sauerkraut salad in green bowl - Peredniankina/Getty Images

If you're not into cooking your sauerkraut, we've got something for you. Though canned sauerkraut lacks the probiotics (and funk) of the freshly fermented kind, it still has a bit of texture and is packed with a tangy flavor, so why not make it into salad?

One quick option is to stir some drained sauerkraut into your favorite coleslaw recipe because when you get right down to it, sauerkraut is a well-marinated slaw. Mixing it with shredded fresh cabbage and dressing dilutes the canned sauerkraut while simultaneously upgrading the slaw with a punch of extra acidity.

For a more conventional option, look for inspiration from Europe's tradition of sauerkraut salads. They're usually built around sweet-tasting vegetables, like carrots and bell peppers, and often crunchy fruits like apples, thinly sliced or shredded and then mixed with the drained sauerkraut. It makes for a really refreshing summertime side dish.

Make Sauerkraut Soups And Stews

bigos in cast iron serving dish
bigos in cast iron serving dish - Shaiith/Shutterstock

Some cabbage varieties keep for a while, staying edible in a root cellar for a few months, but fermenting them into sauerkraut is what makes it possible to eat them all winter long. In the centuries before modern refrigeration, fermented cabbage was one of the very few vegetables available during those cold months.

Given those same cold months are the time of the year when we most enjoy hearty soups and stews, it's no surprise that Europe's culinary traditions include a lot of soups and stews based on sauerkraut. You'll see them primarily in Eastern and Central Europe, where they're cherished.

The beloved Polish stew called bigos, also known as hunter's stew, is made of sauerkraut with as many kinds of game and cured meats as you can muster. There are many other soups and stews to choose from, including Latvian štovēti kāposti and Ukrainian kapustnyak, but you don't need to limit yourself to European recipes. Pick a sturdy soup or stew you already like, add in some canned sauerkraut, and let it simmer. You'll be pleasantly surprised at the outcome.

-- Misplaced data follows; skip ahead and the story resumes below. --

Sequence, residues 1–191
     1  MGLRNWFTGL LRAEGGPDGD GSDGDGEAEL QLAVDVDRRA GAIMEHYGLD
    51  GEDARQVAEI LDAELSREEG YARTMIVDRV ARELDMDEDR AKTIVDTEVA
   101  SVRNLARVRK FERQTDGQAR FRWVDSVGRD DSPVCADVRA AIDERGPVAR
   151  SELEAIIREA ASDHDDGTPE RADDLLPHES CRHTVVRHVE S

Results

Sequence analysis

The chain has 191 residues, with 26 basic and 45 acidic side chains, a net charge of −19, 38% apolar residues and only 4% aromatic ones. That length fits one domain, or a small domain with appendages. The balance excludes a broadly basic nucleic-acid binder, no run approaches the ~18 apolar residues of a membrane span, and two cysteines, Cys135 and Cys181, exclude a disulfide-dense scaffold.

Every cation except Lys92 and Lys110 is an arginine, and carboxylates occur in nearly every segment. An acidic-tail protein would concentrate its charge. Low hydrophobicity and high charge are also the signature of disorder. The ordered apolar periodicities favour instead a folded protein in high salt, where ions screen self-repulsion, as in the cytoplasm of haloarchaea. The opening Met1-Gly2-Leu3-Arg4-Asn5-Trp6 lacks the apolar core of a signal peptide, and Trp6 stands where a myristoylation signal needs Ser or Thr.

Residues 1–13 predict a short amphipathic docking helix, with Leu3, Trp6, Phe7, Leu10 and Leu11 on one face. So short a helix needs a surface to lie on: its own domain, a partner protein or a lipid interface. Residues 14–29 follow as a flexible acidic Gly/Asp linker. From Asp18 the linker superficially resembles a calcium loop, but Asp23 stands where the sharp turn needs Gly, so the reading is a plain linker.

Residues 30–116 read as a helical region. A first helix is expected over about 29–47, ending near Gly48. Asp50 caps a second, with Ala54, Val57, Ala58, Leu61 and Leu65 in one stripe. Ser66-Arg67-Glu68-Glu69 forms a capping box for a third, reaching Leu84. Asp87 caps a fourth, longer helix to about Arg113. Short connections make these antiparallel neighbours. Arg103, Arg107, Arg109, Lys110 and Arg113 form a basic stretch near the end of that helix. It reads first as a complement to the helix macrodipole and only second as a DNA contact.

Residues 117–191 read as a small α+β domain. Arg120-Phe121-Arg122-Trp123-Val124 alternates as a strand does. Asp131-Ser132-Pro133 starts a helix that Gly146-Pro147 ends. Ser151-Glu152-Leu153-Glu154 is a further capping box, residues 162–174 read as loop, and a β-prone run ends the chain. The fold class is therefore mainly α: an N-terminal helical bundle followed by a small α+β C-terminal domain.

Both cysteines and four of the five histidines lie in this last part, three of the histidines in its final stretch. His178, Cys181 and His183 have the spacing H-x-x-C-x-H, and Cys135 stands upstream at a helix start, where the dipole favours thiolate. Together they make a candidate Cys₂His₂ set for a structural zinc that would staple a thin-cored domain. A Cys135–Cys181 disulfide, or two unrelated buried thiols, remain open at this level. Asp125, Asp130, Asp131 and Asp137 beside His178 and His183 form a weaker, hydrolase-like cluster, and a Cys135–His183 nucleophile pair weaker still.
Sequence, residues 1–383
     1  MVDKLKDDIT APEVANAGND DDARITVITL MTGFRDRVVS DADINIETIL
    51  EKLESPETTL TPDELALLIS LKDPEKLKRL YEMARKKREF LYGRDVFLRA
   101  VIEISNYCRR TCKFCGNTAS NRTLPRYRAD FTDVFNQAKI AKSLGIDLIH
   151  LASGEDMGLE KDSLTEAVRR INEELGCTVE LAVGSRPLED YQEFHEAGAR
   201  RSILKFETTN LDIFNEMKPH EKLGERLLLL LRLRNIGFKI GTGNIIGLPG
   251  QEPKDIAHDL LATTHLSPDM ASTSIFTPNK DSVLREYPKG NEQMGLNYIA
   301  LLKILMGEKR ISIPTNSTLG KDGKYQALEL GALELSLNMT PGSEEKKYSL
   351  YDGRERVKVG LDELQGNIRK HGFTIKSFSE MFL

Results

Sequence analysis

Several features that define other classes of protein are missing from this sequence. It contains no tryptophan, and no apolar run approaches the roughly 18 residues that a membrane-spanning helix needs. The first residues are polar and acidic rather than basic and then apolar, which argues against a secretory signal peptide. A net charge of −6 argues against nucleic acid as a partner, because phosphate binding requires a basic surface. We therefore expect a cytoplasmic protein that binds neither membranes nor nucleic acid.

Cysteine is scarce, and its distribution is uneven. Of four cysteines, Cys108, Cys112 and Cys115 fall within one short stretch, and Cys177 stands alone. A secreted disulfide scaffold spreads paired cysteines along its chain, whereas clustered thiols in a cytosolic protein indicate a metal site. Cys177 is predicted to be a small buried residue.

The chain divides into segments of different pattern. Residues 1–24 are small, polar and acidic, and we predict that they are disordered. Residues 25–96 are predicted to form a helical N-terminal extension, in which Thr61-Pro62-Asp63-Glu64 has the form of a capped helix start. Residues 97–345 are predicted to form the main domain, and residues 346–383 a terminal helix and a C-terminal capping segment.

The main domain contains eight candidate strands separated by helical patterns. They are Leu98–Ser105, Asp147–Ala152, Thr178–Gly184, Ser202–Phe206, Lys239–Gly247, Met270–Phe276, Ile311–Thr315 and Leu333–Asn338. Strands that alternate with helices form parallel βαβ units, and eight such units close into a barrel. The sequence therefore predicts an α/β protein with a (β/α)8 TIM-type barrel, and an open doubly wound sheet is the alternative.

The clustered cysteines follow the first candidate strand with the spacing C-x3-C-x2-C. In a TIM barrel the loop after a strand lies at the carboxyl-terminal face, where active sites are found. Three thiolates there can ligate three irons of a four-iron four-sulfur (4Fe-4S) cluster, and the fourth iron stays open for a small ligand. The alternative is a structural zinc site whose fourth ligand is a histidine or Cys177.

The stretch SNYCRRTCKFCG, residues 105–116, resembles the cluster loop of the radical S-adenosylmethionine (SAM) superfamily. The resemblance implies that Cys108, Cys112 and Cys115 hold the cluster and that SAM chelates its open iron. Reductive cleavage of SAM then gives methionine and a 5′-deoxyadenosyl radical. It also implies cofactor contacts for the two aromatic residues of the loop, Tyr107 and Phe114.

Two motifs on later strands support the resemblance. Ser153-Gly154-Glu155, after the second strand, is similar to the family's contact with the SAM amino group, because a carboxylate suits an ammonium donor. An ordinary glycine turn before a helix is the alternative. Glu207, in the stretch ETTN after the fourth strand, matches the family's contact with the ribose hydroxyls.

Infuse Canned Sauerkraut Into Dessert

slice of chocolate cake on plate
slice of chocolate cake on plate - Arx0nt/Getty Images

Baking calls for a lot of acidic ingredients, ranging from tart lemon juice to tangy buttermilk and rich sour cream to sweet molasses. They serve several purposes: They may complement a dominant flavor, add richness and moisture, or even help leaven the baked goods by interacting with baking soda to create bubbles.

Despite knowing all that, the thought of putting sauerkraut into dessert may feel strange. Still, hear us out: You've probably already used moist shredded vegetables in your baking, like carrots in carrot cake or zucchini in zucchini bread. Sauerkraut ticks all of the boxes: It's a shredded vegetable that adds acidity. Remember, a lot of bakers already use unlikely ingredients, such as mayonnaise or tomato soup, in their cakes, so it's not as weird as it sounds.

However, you can't just take it out of the can and plunk it into your mixing bowl, of course. You'll need to rinse and drain it and then chop it finely by hand or in your food processor. Not sure which baked treat to attempt this with? Well, sauerkraut is the ingredient that will change your chocolate cake forever; it matches well with the star of the show because chocolate is such a strong flavor in its own right. Cakes aren't your only option, either. A quick online search will lead you to other sauerkraut sweets, from candies to pies to donuts.

Read the original article on Tasting Table.